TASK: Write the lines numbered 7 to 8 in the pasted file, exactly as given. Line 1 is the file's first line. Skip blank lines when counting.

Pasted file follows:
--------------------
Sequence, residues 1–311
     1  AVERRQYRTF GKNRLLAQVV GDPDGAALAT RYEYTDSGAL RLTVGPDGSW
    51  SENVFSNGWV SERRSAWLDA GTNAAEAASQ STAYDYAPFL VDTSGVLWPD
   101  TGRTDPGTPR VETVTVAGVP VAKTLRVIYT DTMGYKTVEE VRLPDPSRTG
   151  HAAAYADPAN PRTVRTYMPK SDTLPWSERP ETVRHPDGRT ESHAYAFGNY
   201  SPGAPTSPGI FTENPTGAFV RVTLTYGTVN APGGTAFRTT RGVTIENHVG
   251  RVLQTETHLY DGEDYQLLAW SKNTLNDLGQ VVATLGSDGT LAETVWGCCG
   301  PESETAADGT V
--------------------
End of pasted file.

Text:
   251  RVLQTETHLY DGEDYQLLAW SKNTLNDLGQ VVATLGSDGT LAETVWGCCG
   301  PESETAADGT V